Summary: These successful experiments are seen as a foundational building block in the development of a quantum internet — potentially a highly secure and far-reaching network of quantum computers and other quantum devices.
Original author and publication date: Department of Energy – February 20, 2020
Futurizonte Editor’s Note: We didn’t know about Arpanet (the precursor of Internet) until Internet was widely public. Now we know about the precursor of quantum Internet, but we don’t know what else is being developed.
From the article:
On Wednesday, February 19, 2020 at noon CST, U.S. Department of Energy (DOE) Under Secretary for Science Paul M. Dabbar announced scientists from Argonne National Laboratory and the University of Chicago entangled photons across a 52-mile “quantum loop” in the Chicago suburbs.
The quantum loop is a test bed designed to entangle quantum information at distance in real-world conditions.
The successful experiment, funded by DOE, is seen as a foundational building block in the development of a quantum internet — potentially a highly secure and far-reaching network of quantum computers and other quantum devices.
“This is an important step forward in harnessing entanglement and building a network to help form the basis of future quantum communication systems,” said Awschalom, the Liew Family Professor in the Pritzker School of Molecular Engineering at UChicago, senior scientist in the Materials Science Division at Argonne and director of the Chicago Quantum Exchange.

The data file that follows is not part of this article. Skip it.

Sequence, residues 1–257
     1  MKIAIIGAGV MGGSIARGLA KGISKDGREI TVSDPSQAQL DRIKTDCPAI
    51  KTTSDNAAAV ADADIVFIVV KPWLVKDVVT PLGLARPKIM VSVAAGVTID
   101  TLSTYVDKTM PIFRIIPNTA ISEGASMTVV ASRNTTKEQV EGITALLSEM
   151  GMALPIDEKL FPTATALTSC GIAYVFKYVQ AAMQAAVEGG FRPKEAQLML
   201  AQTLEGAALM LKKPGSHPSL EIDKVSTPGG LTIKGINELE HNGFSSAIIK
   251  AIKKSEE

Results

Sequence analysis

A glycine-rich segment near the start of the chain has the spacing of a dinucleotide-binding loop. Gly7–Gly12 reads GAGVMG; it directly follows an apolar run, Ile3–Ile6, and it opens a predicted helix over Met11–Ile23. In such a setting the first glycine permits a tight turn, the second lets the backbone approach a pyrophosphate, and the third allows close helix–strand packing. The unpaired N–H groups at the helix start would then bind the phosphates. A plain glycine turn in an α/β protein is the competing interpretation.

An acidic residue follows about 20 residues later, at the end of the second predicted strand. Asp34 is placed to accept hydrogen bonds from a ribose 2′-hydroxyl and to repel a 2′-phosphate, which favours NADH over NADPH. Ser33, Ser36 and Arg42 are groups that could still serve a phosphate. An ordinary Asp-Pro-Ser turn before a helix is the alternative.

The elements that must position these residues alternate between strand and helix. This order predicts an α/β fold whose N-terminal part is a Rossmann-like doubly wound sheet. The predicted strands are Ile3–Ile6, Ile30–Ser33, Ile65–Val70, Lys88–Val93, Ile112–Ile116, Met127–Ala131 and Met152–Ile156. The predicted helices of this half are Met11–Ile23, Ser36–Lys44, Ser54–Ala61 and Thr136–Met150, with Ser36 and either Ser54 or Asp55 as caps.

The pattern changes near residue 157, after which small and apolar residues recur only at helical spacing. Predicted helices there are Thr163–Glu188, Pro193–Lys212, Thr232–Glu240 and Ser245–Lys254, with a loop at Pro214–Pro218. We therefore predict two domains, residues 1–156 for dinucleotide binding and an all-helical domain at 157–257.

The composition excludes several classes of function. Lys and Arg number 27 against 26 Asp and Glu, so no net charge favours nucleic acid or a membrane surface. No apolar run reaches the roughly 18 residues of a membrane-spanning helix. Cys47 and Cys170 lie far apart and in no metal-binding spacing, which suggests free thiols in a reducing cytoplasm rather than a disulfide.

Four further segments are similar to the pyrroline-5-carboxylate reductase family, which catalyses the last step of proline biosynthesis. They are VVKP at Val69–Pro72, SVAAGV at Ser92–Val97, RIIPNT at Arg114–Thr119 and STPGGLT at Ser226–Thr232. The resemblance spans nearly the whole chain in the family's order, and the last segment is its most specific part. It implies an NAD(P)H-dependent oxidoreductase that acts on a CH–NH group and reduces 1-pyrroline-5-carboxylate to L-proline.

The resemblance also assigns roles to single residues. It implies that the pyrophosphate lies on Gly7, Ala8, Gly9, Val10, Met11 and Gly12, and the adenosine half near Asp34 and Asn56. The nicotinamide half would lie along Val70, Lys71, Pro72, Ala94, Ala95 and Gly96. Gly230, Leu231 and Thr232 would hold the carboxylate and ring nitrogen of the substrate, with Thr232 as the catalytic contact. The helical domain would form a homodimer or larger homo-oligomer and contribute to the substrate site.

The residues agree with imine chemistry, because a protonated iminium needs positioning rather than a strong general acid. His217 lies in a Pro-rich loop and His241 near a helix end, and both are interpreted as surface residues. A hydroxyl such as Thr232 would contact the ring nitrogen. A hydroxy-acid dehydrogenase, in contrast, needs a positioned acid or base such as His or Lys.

“We are excited by these initial demonstrations of distributing entanglement outside of a laboratory, as well as having a flexible communications platform that allows us to identify the challenges of translating quantum phenomena to the real world.”
In the subatomic quantum world, particles can become entangled, sharing their states even though they’re in different locations—a phenomenon which could be used to transfer information. The network, which originates at Argonne in Lemont, Ill. and winds circuitously in a pair of 26-mile loops through several of Chicago’s western suburbs, taps the unique properties of quantum mechanics to eventually “teleport” information virtually instantaneously across a distance. As a bonus, scientists believe the information would be extremely difficult to hack: Quantum states change when observed, so the presence of an outside listener would actually change the signal itself.